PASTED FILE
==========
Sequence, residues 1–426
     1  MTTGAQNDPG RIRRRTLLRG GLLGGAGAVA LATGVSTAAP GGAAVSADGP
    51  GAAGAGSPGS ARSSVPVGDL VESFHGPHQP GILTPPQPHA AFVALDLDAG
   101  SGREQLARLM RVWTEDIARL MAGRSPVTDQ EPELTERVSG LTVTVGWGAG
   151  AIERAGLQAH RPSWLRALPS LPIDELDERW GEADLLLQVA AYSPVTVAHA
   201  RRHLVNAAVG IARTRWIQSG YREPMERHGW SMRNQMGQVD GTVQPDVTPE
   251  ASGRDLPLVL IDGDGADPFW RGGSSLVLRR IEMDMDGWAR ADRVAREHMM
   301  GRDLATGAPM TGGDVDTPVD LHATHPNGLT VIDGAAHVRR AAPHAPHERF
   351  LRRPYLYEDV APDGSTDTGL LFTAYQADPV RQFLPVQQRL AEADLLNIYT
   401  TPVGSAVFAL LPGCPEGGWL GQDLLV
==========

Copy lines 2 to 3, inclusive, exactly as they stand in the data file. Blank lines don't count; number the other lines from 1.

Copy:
     1  MTTGAQNDPG RIRRRTLLRG GLLGGAGAVA LATGVSTAAP GGAAVSADGP
    51  GAAGAGSPGS ARSSVPVGDL VESFHGPHQP GILTPPQPHA AFVALDLDAG